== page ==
12.4.2 The Geometric Algebra G4,4 . . . . . . . . . . . . . .214
12.4.3 The General Construction in Gn,n . . . . . . . . . . .217
*12.5 The Heart of the Matter . . . . . . . . . . . . . . . .218

13 Calculus on m-Surfaces . . . . . . . . . . . . . . . . . .223
13.1 Rectangular Patches on a Surface . . . . . . . . . . . .223
13.2 The Vector Derivative and the Directed Integral . . . . 229
13.3 Classical Theorems of Integration . . . . . . . . . . . 236

14 Differential Geometry of Curves . . . . . . . . . . . . . 243
14.1 Definition of a Curve . . . . . . . . . . . . . . . . . 243
14.2 Formulas of Frenet–Serret .. . . . . . . . . . . . . . .245
14.3 Special Curves . . . . . . . . . . . . . . . . . . . .  248
14.4 Uniqueness Theorem for Curves . . . . . . . . . . . . . 249

15 Differential Geometry of k-Surfaces. . . . . . . . . . . .253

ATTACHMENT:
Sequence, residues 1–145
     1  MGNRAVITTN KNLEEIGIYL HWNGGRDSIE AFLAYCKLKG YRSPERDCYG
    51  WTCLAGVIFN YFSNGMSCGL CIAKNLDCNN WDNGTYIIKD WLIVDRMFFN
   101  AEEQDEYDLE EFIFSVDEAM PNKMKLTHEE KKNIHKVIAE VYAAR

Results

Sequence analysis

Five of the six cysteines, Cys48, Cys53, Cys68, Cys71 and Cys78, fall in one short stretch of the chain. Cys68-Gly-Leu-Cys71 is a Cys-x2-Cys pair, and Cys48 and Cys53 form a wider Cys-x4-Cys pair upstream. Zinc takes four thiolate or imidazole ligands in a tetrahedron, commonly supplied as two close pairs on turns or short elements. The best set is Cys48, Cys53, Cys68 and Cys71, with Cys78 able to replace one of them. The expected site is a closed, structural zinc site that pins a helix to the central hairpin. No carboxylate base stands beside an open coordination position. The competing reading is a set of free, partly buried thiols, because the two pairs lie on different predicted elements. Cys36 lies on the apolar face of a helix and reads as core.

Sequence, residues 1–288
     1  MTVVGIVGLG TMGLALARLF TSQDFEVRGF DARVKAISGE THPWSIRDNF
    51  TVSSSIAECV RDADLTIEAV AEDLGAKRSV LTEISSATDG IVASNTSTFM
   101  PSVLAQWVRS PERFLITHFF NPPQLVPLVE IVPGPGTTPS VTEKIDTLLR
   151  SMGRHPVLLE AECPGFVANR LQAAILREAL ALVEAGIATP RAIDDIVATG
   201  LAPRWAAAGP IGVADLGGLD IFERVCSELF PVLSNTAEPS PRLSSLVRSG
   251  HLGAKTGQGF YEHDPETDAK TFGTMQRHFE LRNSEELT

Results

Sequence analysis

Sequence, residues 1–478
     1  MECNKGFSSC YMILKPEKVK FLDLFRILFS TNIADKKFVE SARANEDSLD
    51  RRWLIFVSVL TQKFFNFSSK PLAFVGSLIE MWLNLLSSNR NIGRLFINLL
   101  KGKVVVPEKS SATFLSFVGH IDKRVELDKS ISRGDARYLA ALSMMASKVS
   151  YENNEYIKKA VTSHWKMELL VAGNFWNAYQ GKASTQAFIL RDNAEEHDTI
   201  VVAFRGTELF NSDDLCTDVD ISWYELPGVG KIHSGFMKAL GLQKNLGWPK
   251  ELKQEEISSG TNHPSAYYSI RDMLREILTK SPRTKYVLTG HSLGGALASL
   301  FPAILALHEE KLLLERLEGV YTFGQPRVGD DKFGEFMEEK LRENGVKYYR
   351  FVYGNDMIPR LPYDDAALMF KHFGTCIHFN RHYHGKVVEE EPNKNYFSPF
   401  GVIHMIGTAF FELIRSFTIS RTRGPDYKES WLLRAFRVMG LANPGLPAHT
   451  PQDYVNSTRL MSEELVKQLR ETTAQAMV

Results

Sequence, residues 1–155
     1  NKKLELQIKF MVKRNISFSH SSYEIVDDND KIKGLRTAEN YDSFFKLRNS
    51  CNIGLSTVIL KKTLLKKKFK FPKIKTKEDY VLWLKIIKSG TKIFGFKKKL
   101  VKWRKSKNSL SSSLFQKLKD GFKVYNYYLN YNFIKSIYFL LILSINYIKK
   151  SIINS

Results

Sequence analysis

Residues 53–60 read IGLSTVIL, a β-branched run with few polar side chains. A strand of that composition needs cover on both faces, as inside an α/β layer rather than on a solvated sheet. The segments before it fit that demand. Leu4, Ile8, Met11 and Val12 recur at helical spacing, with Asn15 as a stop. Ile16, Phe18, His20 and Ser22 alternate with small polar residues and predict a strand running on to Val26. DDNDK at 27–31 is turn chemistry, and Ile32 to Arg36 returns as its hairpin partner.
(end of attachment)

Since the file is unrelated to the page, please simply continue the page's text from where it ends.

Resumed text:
15.1 The Definition of a k-SurfaceM in Rn . . . . . . . . . .254
15.2 The Shape Operator .. . . . . . . . . . . . . . . . . . 261
15.3 Geodesic Curvature and Normal Curvature . . . . . . . . 267
15.4 Gaussian, Mean, and Principal Curvatures ofM . . . . . .270
15.5 The Curvature Bivector of a k-SurfaceM . . . . . . . .  271

16 Mappings Between Surfaces. . . . . . . . . . . . . . . . .275
16.1 Mappings Between Surfaces . . . . . . . . . . . . . . . 275
16.2 Projectively Related Surfaces . . . . . . . . . . . . . 279
16.3 Conformally Related Surfaces . . . . . . . . . . . . . .282
16.4 ConformalMapping in Rp,q . . . . . . . . . . . . . . . .286
16.5 M¨obius Transformations and Ahlfors–VahlenMatrices . . 287
*16.6 Affine Connections . . . . . . . . . . . . . . . . . . 291

17 Non-euclidean and Projective Geometries . . . . . . . . . 297